Published by Macmillan on July 8th 2014
Genres: Fiction, Romance
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Georgie McCool knows her marriage is in trouble. That it’s been in trouble for a long time. She still loves her husband, Neal, and Neal still loves her, deeply—but that almost seems beside the point now.Maybe that was always beside the point.Two days before they’re supposed to visit Neal’s family in Omaha for Christmas, Georgie tells Neal that she can’t go. She’s a TV writer, and something’s come up on her show; she has to stay in Los Angeles. She knows that Neal will be upset with her—Neal is always a little upset with Georgie—but she doesn’t expect to him to pack up the kids and go without her.When her husband and the kids leave for the airport, Georgie wonders if she’s finally done it. If she’s ruined everything.That night, Georgie discovers a way to communicate with Neal in the past. It’s not time travel, not exactly, but she feels like she’s been given an opportunity to fix her marriage before it starts. . . .Is that what she’s supposed to do?Or would Georgie and Neal be better off if their marriage never happened?
“I love you more than I hate everything else.”
I love, love, love me some Rainbow Rowell. I have loved each of her books more and more. Landline definitely did not disappoint. Dealing with love, marriage, family, and workplace issues in a very honest way, Landline was a very relatable read.
Georgie McCool (can I just mention this is the coolest name ever) is having marriage troubles. She has been having marriage troubles. It appears though that her and her husband Neal are not acknowledging how bad things have gotten. Georgie, as a sitcom writer, works long hours. Neal, a stay at home dad, takes care of kids and the house. The fact that Georgie’s job seems to take precedent over everything seems to be at the heart of the growing distance between the pair. This comes to a head when Georgie is going to miss Christmas with the family in Nebraska to work.
“Neal didn’t take Georgie’s breath away. Maybe the opposite. But that was okay–that was really good, actually, to be near someone who filled your lungs with air.”
Through flashbacks we get to see the beginning of their relationship. At that time Georgie has a thing for writing partner Seth. That is until she sees Neal. He is a quiet guy and not really what you would call a people person. It’s almost set up for you to not like him but I think Rowell manages to make him endearing enough to forgive his tendency to be introverted. Despite his short comings, he is sincere and honest. From the start of Neal and Georgie’s relationship there is a strain between Neal and Seth, something that doesn’t change as the years progress and is another thing that strains their marriage.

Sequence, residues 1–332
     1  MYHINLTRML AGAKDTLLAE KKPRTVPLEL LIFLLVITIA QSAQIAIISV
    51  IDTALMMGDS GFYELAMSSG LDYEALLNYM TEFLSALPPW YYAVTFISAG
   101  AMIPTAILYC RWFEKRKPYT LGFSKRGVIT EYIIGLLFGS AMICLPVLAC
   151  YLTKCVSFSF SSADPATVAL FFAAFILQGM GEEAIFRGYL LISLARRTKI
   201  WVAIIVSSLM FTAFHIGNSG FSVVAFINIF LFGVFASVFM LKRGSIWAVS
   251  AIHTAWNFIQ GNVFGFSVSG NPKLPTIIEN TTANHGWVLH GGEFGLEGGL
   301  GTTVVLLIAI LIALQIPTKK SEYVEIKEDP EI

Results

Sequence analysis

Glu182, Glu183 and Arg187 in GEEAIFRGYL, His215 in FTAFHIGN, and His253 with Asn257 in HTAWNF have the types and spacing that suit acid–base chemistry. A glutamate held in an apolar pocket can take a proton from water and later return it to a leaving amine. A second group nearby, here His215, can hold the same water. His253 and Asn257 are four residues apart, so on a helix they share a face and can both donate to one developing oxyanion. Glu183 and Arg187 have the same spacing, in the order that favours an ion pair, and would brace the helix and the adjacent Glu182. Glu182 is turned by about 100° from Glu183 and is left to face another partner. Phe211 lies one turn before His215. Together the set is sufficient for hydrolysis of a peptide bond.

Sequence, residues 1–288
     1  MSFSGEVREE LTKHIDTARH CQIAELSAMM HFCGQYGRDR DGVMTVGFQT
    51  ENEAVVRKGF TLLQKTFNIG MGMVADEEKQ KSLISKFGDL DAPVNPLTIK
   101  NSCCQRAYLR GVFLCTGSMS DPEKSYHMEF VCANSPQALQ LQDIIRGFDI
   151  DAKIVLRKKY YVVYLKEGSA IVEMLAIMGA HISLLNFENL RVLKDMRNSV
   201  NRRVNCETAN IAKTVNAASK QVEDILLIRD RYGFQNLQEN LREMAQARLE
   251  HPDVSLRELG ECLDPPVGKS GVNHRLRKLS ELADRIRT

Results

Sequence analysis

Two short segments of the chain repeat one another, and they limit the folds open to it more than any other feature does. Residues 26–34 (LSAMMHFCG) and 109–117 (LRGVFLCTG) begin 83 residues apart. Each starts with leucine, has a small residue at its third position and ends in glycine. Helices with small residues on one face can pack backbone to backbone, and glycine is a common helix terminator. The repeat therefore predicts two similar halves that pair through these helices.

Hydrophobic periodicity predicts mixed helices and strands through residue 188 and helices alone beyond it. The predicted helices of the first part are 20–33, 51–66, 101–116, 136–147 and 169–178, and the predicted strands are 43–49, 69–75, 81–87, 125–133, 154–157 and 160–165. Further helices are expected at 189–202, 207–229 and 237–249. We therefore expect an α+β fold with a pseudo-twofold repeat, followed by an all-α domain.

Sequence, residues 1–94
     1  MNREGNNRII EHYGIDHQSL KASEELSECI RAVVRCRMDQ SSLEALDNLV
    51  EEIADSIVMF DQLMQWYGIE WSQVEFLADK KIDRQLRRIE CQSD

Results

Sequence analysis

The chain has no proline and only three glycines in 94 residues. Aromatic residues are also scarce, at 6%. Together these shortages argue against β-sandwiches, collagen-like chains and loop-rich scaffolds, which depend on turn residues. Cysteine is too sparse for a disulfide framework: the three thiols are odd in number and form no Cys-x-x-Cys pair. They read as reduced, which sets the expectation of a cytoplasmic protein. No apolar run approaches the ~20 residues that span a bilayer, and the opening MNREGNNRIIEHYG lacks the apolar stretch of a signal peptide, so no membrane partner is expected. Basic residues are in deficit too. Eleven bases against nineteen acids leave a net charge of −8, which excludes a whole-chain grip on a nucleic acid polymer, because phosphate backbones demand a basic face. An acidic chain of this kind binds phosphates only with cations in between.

“Someone had given Georgie a magic phone and all she’d wanted to do with it is stay up late talking to her old boyfriend. If they’d given her a proper time machine, she probably would have used it to cuddle with him. Let someone else kill Hitler.”
After Neal leaves with the kids for Nebraska, Georgie can’t keep her head in her work. She can’t get in touch with Neal as he is clearly avoiding her. She can only get through to her kids or mother in law. She pretty much has a mini breakdown – she stays at her moms, is wearing Neal’s shirt almost the whole time, and oh yeah finds a magic phone where she can call Neal of college past. Yeah, a magic phone.
“We’re not broken up.” “I know, but we’re still broken.”
Here we see they were having issues once before when he similarly fled to Nebraska at Christmas during college. She now has the chance to talk to him and ask all the questions she had then (which are some of the same ones she has now). She becomes obsessed with the phone calls – talking for hours and not leaving the house so she won’t miss them. Does this “magic fucking phone” solve their problems? I hope so it’s a fucking magic phone!!
“How does anyone ever know whether love is enough?”
I couldn’t put this down. It was a read in a day kind of book for me. I really loved the way the marriage was shown – it was broken but it was real. So many times one person gives up so much for another person and that’s really hard for everyone and it was portrayed really well here. Ithough Georgie was a great character too. She had flaws but she was still likable and relatable. And the magic phone added a quirky element that wasn’t overdone or obnoxious. It was just fun. This definitely found a place among my favorites.